Juana Reyes is a food vendor and mother of two who was arrested, look and detained in immigration jail for two weeks (while her children were taken away and placed in foster care) – all because she was selling tamales in front of a Sacramento Walmart. In fact, cheap she had been a food vendor for years, with no incidents. The trouble only came when a new security guard tried to remove her from the premises, and local police filed trespassing and “interfering with business” charges at her. Just like that, Juana was locked away, even though the state criminal charges were minor and eventually dropped by the local prosecutor. Juana’s story is just one of many stories that point to the civil rights and civil liberties problems created by the Department of Homeland Security’s Se Communities program, also known as S-Comm. Last week, ACLU members joined other community members in Sacramento to support Juana and to urge the passage of California’s TRUST Act (AB 1081).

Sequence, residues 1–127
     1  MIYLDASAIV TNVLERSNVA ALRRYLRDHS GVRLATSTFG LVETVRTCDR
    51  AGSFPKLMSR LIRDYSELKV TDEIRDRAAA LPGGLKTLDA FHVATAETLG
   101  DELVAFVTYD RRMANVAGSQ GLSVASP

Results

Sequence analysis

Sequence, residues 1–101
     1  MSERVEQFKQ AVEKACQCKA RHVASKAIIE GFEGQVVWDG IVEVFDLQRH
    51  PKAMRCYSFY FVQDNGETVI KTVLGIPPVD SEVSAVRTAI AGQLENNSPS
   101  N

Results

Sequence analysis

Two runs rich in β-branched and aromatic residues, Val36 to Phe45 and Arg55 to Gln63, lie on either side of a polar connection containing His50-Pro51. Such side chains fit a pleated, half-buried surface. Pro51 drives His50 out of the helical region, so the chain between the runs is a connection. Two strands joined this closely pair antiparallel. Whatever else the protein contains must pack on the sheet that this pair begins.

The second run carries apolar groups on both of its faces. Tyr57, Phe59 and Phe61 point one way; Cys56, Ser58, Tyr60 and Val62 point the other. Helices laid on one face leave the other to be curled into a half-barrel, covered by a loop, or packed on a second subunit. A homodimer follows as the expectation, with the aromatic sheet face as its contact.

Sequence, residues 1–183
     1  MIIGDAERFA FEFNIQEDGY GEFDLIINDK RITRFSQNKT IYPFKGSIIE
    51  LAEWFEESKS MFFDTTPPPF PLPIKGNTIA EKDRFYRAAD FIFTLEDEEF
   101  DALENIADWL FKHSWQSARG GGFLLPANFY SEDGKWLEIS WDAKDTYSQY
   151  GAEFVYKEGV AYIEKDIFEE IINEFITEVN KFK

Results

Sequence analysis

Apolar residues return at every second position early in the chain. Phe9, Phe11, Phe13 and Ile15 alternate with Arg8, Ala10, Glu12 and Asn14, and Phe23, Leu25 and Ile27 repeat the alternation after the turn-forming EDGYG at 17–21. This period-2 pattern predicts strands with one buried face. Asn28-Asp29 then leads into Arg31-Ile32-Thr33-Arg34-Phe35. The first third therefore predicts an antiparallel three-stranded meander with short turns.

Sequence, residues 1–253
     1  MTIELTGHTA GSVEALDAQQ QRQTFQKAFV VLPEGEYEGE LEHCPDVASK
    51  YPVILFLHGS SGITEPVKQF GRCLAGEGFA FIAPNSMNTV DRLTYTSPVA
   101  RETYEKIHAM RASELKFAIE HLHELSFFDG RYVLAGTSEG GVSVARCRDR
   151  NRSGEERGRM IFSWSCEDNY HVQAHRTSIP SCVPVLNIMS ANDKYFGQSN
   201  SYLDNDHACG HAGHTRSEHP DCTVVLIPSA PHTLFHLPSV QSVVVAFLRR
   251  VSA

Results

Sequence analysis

A coalition of civil-rights groups filed motions in federal court Tuesday to prevent enforcement of the single contested provision of Arizona’s immigration law that was upheld by the U.S. Supreme Court. The coalition, led by the American Civil Liberties Union, the National Immigration Law Center and the Mexican American Legal Defense and
Two years after Gov. Jan Brewer signed SB1070 into law and then saw it suspended while legal appeals wound their way through the courts, the Supreme Court has finally ruled. But to our basic question of two years ago — Why haven’t the White House and Congress acted on comprehensive reform? — there has been no answer. Monday’s court ruling
Desde este viernes la Justicia estadounidense podrá ordenar la cancelación de la suspensión temporal aprobada en 2010 del polémico artículo 2(b) de la ley SB1070 de Arizona. Sin embargo, existen aún muchas dudas sobre la fecha exacta en que podría entrar en vigor esa disposición, ya que no se ha clarificado el procedimiento a seguir y, además, su a